Various development and conservation policies, which initially had the
dual aims of eradicating opium production and increasing national security,
now focus on preservation of natural resources such as forests and
watersheds, particularly through soil and water conservation projects. These
initiatives have encouraged the replacement of opium farming and shifting
cultivation with the cash crops and intensive permanent agriculture, and
helped rural farmers gain access to lowland markets. These policies have
resulted in the transformation of the farming practice and livelihood of the
farmers living in the uplands.
       Shifting cultivation takes advantage of fallow period to allow soil
regeneration, control weed populations and minimizes the time land is
exposed to erosion, and is based on centuries of accumulated ecological
knowledge. Farming a plot permanently, however, require soil conservation
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measures to prevent soil degradation, which would threaten the
sustainability of land use, particularly on fragile sloping land. Failure to
implement such practices will result in soil degradation, and perhaps
irreversible deterioration of permanently farmed agriculture land.


       Land User and Land Use
       The main ethnic minorities exploiting the hill are the Karen, Hmong,
Lahu, Yao, Ahka, Khamu and Lua. The Karen are considered indigenous to
Thailand, as well as Myanmar and Laos, and they are the largess hill tribe
group making up about 46% of the total hill tribe population
       Each group traditional practiced their own variation of shifting
cultivation, and it is possible to use a crude classification system to
distinguish between the different types. In this system there are three
categories of shifting cultivation: long cultivation-very long follow (pioneer
shifting cultivation), short cultivation-long fallow (rotational cultivation) and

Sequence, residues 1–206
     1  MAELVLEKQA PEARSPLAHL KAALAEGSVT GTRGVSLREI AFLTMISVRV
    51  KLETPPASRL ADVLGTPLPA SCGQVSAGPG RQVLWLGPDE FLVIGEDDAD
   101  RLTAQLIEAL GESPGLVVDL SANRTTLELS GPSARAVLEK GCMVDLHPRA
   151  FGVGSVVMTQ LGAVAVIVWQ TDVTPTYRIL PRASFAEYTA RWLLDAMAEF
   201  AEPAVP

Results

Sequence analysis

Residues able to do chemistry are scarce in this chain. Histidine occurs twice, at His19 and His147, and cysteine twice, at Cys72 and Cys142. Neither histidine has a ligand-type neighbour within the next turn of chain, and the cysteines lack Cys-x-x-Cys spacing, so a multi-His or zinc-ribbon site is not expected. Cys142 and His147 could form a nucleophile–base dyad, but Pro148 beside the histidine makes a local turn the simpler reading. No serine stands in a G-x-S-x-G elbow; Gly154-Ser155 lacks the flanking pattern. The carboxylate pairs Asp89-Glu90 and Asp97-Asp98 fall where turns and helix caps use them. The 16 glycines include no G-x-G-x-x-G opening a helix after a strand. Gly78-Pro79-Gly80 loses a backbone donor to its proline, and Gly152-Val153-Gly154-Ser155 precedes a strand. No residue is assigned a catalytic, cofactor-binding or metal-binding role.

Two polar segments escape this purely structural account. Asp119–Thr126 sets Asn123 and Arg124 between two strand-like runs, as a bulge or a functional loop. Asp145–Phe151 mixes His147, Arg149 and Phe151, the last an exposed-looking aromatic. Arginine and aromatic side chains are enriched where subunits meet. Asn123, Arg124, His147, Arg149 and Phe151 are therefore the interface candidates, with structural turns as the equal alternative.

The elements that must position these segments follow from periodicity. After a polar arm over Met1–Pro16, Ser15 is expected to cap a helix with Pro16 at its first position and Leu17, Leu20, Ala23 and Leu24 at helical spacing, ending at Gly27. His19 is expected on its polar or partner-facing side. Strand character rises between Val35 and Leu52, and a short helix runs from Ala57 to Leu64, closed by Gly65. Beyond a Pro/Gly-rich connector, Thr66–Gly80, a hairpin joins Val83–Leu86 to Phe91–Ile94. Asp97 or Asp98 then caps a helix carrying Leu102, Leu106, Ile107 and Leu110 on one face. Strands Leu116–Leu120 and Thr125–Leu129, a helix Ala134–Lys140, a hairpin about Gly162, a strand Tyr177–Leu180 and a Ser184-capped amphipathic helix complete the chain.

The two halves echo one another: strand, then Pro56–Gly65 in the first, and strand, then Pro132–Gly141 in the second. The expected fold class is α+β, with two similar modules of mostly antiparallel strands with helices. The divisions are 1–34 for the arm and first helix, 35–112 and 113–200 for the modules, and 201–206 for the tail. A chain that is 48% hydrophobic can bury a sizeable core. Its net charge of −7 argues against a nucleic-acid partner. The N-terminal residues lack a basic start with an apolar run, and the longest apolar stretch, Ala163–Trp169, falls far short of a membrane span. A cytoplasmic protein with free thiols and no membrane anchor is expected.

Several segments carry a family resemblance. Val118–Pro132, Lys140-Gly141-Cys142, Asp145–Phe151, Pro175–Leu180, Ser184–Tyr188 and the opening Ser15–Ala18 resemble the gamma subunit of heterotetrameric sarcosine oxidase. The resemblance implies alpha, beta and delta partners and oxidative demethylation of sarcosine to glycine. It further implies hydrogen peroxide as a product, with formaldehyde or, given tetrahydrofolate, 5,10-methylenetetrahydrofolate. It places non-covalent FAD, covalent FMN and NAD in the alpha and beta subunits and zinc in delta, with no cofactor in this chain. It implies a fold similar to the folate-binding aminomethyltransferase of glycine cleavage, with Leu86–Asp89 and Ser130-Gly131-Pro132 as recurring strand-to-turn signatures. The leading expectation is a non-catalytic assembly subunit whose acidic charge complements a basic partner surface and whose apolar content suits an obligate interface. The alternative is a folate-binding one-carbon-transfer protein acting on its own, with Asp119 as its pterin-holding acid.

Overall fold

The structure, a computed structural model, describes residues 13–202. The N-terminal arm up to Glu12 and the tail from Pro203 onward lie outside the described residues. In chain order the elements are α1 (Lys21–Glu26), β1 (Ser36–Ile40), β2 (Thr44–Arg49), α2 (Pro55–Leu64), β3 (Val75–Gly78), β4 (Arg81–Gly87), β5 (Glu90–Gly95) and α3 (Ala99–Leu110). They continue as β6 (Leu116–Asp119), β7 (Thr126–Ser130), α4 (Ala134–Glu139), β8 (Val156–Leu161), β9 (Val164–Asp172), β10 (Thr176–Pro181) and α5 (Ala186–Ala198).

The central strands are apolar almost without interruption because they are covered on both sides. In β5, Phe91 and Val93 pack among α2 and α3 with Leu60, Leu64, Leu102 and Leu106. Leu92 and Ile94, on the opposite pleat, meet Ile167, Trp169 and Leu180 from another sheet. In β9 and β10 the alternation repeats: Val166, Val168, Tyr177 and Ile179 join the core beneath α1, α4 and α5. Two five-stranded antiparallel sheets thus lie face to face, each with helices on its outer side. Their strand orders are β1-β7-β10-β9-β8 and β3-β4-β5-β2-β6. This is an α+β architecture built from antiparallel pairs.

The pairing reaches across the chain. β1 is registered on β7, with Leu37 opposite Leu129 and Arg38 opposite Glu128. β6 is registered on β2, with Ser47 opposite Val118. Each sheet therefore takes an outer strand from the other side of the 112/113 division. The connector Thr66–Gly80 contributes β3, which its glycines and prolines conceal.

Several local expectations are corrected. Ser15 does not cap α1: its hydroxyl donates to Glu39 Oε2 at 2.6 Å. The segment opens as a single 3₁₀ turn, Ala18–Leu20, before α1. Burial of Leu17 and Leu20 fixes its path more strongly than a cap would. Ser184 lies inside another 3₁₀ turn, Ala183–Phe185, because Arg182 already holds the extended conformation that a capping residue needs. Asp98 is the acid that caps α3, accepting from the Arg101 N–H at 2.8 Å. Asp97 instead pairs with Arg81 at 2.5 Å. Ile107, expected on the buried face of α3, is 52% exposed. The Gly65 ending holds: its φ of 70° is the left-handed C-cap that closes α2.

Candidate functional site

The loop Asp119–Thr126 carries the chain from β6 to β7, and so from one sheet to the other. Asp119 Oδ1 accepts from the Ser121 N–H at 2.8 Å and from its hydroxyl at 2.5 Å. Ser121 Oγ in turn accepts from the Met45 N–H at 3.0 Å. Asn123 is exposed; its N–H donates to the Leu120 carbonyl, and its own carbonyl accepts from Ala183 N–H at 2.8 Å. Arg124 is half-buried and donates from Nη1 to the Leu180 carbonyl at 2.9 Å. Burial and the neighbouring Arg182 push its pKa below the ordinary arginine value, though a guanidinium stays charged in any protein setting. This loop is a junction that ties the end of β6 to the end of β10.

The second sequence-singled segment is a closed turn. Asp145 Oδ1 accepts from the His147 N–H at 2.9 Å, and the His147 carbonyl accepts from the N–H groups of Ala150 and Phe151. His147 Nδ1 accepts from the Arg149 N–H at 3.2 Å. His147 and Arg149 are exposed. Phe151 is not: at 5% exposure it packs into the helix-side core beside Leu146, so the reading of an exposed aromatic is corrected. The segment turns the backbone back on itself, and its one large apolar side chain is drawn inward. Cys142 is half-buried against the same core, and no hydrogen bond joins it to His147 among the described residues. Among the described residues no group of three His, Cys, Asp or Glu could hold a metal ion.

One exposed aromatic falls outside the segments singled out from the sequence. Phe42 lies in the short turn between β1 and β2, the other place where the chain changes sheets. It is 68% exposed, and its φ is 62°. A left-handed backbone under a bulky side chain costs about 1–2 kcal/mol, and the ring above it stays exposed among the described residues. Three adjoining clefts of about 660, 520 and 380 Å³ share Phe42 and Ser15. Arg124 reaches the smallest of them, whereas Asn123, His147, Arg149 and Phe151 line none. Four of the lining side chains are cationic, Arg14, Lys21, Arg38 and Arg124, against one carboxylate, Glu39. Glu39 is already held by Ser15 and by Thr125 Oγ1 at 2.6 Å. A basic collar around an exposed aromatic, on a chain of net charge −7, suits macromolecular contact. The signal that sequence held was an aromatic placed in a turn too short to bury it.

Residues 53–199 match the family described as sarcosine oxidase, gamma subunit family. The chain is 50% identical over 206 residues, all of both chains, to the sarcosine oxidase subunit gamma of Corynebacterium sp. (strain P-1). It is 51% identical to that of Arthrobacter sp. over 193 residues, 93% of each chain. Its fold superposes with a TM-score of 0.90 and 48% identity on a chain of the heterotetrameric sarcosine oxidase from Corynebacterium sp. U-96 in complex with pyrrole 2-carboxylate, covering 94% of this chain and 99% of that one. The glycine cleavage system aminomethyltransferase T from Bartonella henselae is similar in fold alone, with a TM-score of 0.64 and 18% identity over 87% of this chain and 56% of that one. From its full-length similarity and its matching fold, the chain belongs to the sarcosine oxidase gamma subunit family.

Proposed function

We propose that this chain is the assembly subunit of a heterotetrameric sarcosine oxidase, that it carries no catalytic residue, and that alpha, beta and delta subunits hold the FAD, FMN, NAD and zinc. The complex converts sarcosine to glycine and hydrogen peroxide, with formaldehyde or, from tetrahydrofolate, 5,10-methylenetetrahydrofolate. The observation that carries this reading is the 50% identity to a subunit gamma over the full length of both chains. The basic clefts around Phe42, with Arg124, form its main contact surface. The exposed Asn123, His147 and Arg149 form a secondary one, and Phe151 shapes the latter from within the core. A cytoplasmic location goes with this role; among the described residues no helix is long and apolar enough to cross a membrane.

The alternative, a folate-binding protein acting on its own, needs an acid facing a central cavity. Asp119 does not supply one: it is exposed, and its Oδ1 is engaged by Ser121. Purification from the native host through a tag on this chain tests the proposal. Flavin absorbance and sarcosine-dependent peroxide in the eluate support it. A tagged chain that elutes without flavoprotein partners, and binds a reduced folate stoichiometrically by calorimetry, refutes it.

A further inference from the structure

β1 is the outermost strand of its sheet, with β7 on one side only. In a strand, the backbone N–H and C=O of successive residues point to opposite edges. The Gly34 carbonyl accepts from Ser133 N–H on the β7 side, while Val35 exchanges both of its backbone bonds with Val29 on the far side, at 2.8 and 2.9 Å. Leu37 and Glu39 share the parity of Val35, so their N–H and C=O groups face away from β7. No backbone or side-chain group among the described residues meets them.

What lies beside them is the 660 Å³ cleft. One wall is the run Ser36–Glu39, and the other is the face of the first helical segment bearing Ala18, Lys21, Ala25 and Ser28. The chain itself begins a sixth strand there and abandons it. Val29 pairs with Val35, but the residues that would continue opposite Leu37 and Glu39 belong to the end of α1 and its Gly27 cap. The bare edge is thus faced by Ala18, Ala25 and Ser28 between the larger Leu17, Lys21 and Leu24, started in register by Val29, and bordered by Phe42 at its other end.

short cultivation-short fallow. In the pass was possible to assign these
different types along ethnic lines, however as result of government policies
and land pressure, the farming type by ethnicity alone.
       It is not only ethnic minorities who practice shifting cultivation. Thai
farmers also have history of shifting cultivation, which used to be applied as
first step to converting forested land into rice paddies. Population pressure
leading to land scarcity in the lowlands has forced some Thai farmers onto
the slopes where many have been identified as practicing short cultivation-
short fallow shifting cultivation, using the land for one or two years then
leaving it fallow for further one or two years. Some reports suggest that the
number of Thai shifting cultivators is now higher than that of ethnic
minorities.

     Development and conservation in the highland

We have to eradicate opium production encouraged replacement with cash
crops through projects such as royal project. The projects’ goals are to
eradicate opium cultivation through substitution with the permanent
cultivation of temperate crops, which are suitable for the cooler conditions in
the hill, and preservation of watershed. There are 5 provinces involved in the
project such as Chiang Mai, Chiang Rai, Lamphun, Mae Hong Son and
Payao.
      There were some initial problems with the project in getting farmers to
switch from shifting cultivation to permanent cash crop farming. Farmers
sometimes found that to earn an income from cash crops comparable to the
income they gained from opium cultivation. It was necessary to clear greater
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areas of the forest to plant more crops. Growing the new cash crops rapidly
exhausts the soil’s nutrient reserves and needs ever increasing fertilizer
application to get the same yield. Farmer began to use large quantities of
chemical fertilizer, which breaks down quickly under tropical condition


Insecticides and herbicides were also require in increasing quantities, as pest
and weed populations were no longer controlled through intermittent burning
as shifting cultivation. For those still practicing shifting cultivation, the push
towards cash crops has reduce the opportunity for fallow period due to the
growing competition for and, and this has caused further soil degradation.